'Big brother' Wings win out again
CHICAGO -- Turns out big brother can pin down little brother even with two hands tied behind his back.
Six-time Norris Trophy winner Nicklas Lidstrom and Hart Trophy nominee Pavel Datsyuk were in street clothes Sunday, but the Detroit Red Wings reminded us once again why they are the NHL's modern-day dynasty.
A deeply talented supporting cast, led by Henrik Zetterberg, Valtteri Filppula and Marian Hossa, headlined a resonating 6-1 victory over Chicago in Game 4 of the Western Conference finals to give Detroit a 3-1 series lead.
This was the Red Wings, also devoid of former Selke Trophy winner Kris Draper, telling the young Chicago Blackhawks -- and the rest of the NHL, for that matter -- that they are still the champs. They are still the standard of excellence. They are still the clutch team.
We're pretty sure the Pittsburgh Penguins took note Sunday.
"We haven't won anything," Wings GM Ken Holland told ESPN.com after the game. "But yes, there's a lot of leadership in the locker room. Anytime you've won a championship, you just know. Your will has been tested. Your determination and your character has been tested. You know these players have all these ingredients.
"Even without Lidstrom and Datsyuk and Draper today, we still know that we have lots of veteran guys that have won the Cup that have that will and determination."
This victory is a by-product of what this organization is all about. Eight trips to the conference finals in 14 years. Four Stanley Cups in 11 seasons. It's a culture of winning, paying the price, doing things right. It started with Scotty Bowman and Steve Yzerman and, of course, Lidstrom. Now, you've got a brilliant coach in Mike Babcock continuing the tradition with new leaders like Zetterberg, who scored twice Sunday.
No matter who is or isn't in the lineup, the Wings hit the ice believing they'll own it. And that comfort zone showed again Sunday, when the rest of the hockey world might have thought they were there for the taking with both Lidstrom and Datsyuk out.
"We feel confident, that's the bottom line," veteran forward Mikael Samuelsson said. "It's fun to play on this team. Everybody thinks that in here. Every time we go on the ice, we want to win and we think we're going to win. That's the key, too."
There are statement games in every team's run to the Cup finals. You can't make a bigger statement than the Wings did Sunday. This was kicking the young Hawks down and rubbing sand in their eyes.
One day, perhaps as early as next season, the Blackhawks will rule in the Central Division and the Western Conference. But Sunday afternoon was a reminder that the Wings are not ready yet to give up that mantle. Nope. On a day when the Hawks got a gift from the hockey gods with Lidstrom (lower body) and Datsyuk (foot) both unable to play and the unexpected return of star winger Martin Havlat, they came out and fell flat on their face.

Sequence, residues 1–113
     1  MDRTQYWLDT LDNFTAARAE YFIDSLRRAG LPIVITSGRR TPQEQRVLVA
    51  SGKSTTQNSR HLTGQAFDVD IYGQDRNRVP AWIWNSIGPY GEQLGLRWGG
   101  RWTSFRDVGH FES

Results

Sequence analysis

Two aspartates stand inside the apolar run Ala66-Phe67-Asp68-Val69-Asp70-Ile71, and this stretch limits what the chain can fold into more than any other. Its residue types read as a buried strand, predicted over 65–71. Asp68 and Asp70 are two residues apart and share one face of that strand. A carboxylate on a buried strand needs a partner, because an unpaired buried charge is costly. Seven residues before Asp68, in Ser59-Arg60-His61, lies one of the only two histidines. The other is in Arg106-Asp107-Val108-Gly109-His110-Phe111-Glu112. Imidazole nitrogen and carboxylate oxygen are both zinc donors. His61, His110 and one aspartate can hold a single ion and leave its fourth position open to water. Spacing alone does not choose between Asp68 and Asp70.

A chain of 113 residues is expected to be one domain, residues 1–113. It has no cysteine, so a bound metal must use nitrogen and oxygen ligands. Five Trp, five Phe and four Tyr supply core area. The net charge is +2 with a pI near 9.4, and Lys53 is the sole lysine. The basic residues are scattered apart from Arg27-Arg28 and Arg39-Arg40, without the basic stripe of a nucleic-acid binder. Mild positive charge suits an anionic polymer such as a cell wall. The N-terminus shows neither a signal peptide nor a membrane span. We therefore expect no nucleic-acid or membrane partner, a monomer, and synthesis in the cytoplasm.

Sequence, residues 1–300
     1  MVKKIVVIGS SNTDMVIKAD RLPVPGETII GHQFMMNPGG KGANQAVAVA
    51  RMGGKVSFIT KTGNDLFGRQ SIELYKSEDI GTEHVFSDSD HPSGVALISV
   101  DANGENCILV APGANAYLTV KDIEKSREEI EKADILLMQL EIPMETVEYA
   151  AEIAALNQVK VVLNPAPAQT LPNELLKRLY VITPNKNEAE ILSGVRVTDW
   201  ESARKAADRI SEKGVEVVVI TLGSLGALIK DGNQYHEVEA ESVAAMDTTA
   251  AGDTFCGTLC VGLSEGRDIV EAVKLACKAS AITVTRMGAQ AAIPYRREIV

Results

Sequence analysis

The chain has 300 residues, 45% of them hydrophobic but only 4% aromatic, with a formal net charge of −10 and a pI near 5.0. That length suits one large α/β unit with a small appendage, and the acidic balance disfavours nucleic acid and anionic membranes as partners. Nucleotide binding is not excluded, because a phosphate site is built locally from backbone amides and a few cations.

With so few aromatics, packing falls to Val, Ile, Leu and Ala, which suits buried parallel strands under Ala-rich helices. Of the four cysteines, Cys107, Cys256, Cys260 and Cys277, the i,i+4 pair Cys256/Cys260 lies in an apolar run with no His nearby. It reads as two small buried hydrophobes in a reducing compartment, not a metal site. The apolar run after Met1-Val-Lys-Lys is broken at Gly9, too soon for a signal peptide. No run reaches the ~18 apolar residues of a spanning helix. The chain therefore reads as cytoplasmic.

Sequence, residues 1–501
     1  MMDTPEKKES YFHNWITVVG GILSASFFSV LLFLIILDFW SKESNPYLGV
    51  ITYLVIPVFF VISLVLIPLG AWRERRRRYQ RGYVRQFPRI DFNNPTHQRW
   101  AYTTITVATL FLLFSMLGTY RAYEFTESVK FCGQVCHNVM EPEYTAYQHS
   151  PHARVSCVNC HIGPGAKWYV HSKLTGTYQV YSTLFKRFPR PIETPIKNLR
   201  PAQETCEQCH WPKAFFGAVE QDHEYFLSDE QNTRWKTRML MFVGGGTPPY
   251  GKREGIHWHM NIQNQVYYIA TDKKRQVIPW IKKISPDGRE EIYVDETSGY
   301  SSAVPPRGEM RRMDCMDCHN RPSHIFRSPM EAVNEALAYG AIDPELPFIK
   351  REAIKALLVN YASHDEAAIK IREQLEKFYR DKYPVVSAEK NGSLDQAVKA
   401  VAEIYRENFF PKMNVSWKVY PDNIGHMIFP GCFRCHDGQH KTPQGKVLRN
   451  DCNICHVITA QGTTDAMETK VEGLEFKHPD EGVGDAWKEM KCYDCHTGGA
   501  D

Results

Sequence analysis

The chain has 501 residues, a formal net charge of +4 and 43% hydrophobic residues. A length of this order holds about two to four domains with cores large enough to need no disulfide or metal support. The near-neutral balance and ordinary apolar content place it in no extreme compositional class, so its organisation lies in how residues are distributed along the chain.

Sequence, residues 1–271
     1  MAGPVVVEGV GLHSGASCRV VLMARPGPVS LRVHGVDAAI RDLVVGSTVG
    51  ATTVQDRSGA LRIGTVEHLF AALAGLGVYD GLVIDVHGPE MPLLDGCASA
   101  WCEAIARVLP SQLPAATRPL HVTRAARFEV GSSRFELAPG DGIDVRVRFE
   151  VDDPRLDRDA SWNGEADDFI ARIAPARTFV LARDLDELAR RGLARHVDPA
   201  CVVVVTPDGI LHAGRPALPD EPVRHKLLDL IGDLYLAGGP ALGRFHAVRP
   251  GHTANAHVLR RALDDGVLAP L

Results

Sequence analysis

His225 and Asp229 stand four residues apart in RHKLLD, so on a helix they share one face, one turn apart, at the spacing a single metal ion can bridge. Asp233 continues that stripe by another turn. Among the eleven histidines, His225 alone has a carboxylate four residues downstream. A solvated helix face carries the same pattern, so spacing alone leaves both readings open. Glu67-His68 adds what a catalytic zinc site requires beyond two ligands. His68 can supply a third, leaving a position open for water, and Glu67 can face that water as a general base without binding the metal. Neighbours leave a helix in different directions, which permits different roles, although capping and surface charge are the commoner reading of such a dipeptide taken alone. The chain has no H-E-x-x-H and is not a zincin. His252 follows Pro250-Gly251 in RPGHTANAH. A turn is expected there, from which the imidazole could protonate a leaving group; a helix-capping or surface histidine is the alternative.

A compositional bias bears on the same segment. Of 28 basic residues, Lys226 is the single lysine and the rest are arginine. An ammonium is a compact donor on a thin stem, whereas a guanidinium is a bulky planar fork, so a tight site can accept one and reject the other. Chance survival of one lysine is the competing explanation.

For five weeks, the Blackhawks have betrayed their birth certificates by playing well beyond their years under the immense pressure of playoff hockey, knocking out veteran clubs in Calgary and Vancouver. And in Friday's Game 3, they surprised us again with their tremendous poise in prevailing over the Wings despite blowing a three-goal lead and losing their starting goalie, Nikolai Khabibulin.
But reality hit Sunday. The kids lost their composure. They took stupid penalties, made dumb decisions and looked very much like baby-faced newcomers in their first playoff foray. Chicago took 16 penalties, nine of them for roughing. They acted like the 10-year-old whose lunch was stolen.
Hey, they may surprise us yet again and win in Detroit on Wednesday night just to spite all the doomsayers, but they're not beating the Wings in three straight games. Sorry, it's not going to happen.
"We're learning on the job," Blackhawks coach Joel Quenneville said. "This is obviously a huge hole we haven't faced or seen yet. We'll try to look at it in the short term and look at the good things we've accomplished this year and try to get some positives [from] the time we played against them in this series.
"You know, it's a tough task. But we'll look at the short term, which is shift to shift and one game."
Quenneville chose to protect his players in front of the media Sunday, instead of pointing out their shortcomings. So he made the on-ice officials the target of his ire. A roughing penalty to Matt Walker at the first-period buzzer led to Filppula's power-play goal early in the second period. Game over.
"Well, I think we witnessed probably the worst call in the history of sports today at the end of the first period there, a nothing play," Quenneville said. "You know, they score, it's 3-0, they ruin a good hockey game. They absolutely destroyed what was going on on the ice."
He later added: "They ruined the whole game. I think that's basically the gist of what I'm trying to say."
Sorry, Joel, not buying it. This was your young team unraveling in front of your eyes. The guys in stripes had nothing to do with it.
The Hawks will learn from Sunday's painful experience, and perhaps they will learn to win just like big brother.
Pierre LeBrun covers the NHL for ESPN.com.
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